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An Exchange-Traded Fund or ETF is a pool of money acquired from investors, which is invested into diverse assets. In this sense, ETFs are similar to mutual funds, which are also pooled securities used by investors to diversify. The similarities, however, end there. 

 

Fund managers actively manage mutual funds to maximise investor returns. However, ETFs are passively managed since they are meant to match the returns of a specific index. Further key differences between ETFs and mutual funds lie in cost structure, return models and liquidity. 

Mutual Funds

Mutual funds deploy the pool of money collected from investors based on their shared investment objectives. This could be stable income, capital protection, exponential returns, tax-saving and more. Based on your objective and risk appetite, you can choose to invest in equity, debt or hybrid funds

 

On the basis of your contribution to the fund, you get allotted units. The value of each unit is expressed as Net Asset Value or NAV, which is calculated as:


NAV = [Assets – (Liabilities + Expenses)] / Total outstanding shares

 

This NAV is calculated only at the end of the day. Your mutual fund investment value and units allotted depends on the NAV.

Benefits of Investing in Mutual Funds

By choosing to invest in mutual funds, you stand to benefit in the following ways. 

  • Professional management: A team of experts including the fund manager actively manage the fund. This enables quick response to market movements. Hence, it makes investing easier for investors who aren’t finance experts but want to leverage the financial markets.  

  • Affordability: You can start investing in mutual funds via SIPs starting at ₹100 per month. These smaller monthly payouts are affordable for most investors. It also helps foster financial discipline in first-time investors.

Who Should Consider Mutual Funds?

Mutual funds are ideal investments for everyone. These are particularly suitable for small investors who don’t have large sums for investment, and seasoned investors looking to park a lump sum. These are also well-suited to investors who wish to grow their wealth, but lack the knowledge to do so.

Exchange-traded Funds (ETFs)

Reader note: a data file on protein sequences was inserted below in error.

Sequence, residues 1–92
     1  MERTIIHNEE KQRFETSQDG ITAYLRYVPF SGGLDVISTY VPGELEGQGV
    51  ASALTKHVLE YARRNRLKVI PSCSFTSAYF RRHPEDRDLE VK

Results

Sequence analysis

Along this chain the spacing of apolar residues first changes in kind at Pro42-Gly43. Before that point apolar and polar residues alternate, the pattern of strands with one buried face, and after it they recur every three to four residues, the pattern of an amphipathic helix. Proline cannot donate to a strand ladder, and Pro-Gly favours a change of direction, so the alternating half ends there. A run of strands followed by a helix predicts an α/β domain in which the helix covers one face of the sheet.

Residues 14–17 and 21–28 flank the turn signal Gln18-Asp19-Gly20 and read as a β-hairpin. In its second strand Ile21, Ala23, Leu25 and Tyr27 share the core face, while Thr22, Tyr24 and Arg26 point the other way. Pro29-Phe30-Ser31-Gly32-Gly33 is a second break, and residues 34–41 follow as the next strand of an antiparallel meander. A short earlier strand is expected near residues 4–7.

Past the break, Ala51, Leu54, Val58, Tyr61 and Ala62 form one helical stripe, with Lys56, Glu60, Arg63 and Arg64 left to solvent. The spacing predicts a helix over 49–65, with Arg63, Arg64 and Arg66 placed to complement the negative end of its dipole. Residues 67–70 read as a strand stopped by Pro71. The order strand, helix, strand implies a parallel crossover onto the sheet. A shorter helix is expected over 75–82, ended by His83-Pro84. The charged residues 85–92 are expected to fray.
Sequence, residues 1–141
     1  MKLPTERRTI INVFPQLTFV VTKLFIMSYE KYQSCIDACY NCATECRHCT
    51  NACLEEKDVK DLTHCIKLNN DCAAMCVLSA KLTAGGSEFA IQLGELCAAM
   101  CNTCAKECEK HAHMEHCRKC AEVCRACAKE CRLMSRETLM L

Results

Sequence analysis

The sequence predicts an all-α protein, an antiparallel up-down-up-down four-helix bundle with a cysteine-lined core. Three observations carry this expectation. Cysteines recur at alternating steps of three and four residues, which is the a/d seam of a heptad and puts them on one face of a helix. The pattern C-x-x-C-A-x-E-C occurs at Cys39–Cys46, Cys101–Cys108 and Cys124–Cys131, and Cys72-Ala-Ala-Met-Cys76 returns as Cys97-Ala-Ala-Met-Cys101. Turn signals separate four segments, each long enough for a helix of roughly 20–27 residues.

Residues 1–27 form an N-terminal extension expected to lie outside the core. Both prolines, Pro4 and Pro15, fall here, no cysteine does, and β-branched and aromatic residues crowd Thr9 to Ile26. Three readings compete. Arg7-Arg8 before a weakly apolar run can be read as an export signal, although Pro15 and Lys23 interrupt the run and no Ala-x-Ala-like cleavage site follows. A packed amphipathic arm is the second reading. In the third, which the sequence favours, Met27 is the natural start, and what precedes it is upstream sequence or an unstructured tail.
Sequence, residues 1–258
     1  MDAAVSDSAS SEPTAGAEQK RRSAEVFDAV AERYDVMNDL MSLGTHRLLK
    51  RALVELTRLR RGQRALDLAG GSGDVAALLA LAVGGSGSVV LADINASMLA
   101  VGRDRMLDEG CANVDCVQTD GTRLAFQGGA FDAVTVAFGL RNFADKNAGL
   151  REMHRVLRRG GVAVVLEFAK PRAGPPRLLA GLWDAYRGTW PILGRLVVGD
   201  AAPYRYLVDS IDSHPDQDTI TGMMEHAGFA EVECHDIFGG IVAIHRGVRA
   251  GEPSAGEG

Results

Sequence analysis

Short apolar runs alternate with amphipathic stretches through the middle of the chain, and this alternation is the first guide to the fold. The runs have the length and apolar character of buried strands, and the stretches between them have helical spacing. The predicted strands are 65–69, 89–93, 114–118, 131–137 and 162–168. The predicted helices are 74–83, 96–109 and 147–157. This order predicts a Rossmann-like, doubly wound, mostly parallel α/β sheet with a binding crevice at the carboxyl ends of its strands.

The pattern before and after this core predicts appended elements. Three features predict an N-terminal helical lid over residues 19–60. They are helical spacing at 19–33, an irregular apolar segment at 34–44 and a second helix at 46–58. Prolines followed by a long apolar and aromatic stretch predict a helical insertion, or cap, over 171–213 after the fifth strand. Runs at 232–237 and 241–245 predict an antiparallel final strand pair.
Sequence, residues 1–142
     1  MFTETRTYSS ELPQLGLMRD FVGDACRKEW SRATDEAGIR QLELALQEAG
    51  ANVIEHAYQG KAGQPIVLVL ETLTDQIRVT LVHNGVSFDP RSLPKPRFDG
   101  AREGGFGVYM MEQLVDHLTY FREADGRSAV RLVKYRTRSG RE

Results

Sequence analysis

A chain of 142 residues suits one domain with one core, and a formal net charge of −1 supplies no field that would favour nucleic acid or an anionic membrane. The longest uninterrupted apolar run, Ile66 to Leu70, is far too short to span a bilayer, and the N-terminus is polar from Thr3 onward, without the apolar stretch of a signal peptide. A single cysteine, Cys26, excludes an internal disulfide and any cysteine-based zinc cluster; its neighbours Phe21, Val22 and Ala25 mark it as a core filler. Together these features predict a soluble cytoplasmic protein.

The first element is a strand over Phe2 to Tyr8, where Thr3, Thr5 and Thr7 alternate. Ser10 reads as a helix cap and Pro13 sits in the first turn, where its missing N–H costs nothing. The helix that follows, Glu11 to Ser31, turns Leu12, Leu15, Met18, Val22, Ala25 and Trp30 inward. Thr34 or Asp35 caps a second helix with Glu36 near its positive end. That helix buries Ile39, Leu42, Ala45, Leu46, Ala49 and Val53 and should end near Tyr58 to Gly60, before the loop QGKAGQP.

ETFs are investment funds that employ passive fund management. It combines the ability to invest in diversified assets with the flexibility of trading in stock exchanges. If the ETF tracks a stock index such as the NIFTY 50 or BSE SENSEX, investors are entitled to dividends. 

 

They are typically reinvested in the scheme and the fund provider who owns the underlying assets forms a fund to track its performance. This is offered to investors in the form of shares in the ETF. The money pooled from investors is then allocated to these assets, namely stocks, bonds, commodities, or currencies.

Benefits of Investing in ETFs

Here are some benefits unique to ETFs that could help decide whether to invest in ETFs or mutual funds. 

  • Transparency: The majority of ETFs report their holdings on a daily basis. Also, since returns are measured against prevailing indices, it is easier to discern their profitability. 

  • Tax Efficiency: ETFs are slightly more tax-efficient than mutual funds. Lower rates on capital gains taxes are enjoyed, as such:

    1. Equity shares: 15% short-term capital gains, 10% long-term capital gains, after an initial exemption of ₹1 Lakh 

    2. Non-equity shares: Short-term capital gains are treated as regular income, while long-term capital gains are taxed at 20% after indexation.

Who Are ETF Investments Suitable For?

ETFs are suitable for both first-time equity investors and traders. First-timers can benefit from the transparency and predictable returns, while seasoned traders can hedge their position for real-time gains.

What Is The Difference Between ETFs and Mutual Funds?

The main factors differentiating ETFs from mutual funds are as follows:

 

ETFs

Mutual Funds

Fund Management

Actively managed. Assets are picked to maximise returns.

Passively managed. Assets are picked to match the returns of a specific index.

Fund Valuation

The value varies during the day. You can buy or sell at the prevailing market price during this time.

The NAV at the end of the day is the valuation of the mutual fund. 

Liquidity 

Higher liquidity due to easy daily trading.

Liquidity is affected by minimum lock-in periods and penalties for early exit.

SIP Option

Not available.

Available, starting at ₹100 per month.

Expense Ratio

Typically less than 1%

Typically in the range of 2.5%-3.0%

Investment Mechanism

New ETFs are traded on the stock market. To start trading, you need to open a DEMAT account 

New Fund Offerings or NFOs are newly issued mutual funds which you need to buy from fund houses. You don’t necessarily require a DEMAT account.

In conclusion, keep in mind that ETFs and mutual funds are both market-linked instruments carrying significant risk. The investment decision should be based on your investment goals and other factors as mentioned above. 

 

With mutual funds, compare past returns and future projections before deciding. You can do so on Bajaj Markets and choose from hundreds of highly rated mutual funds.

FAQs on ETFs and Mutual Funds

What is an ETF's minimum investment requirement?

There is no minimum investment amount specified for ETFs.

Are ETFs and index funds the same?

No, index funds are passively-managed mutual funds. It is similar to ETFs in the sense that it seeks to match the performance of a specific index.

How to invest in ETFs in India?

To invest in ETFs, you will require a Demat account where you can compare the ETF offerings and make a trade.

Is SIP possible in ETFs?

No, you can’t invest in ETFs via SIPs.

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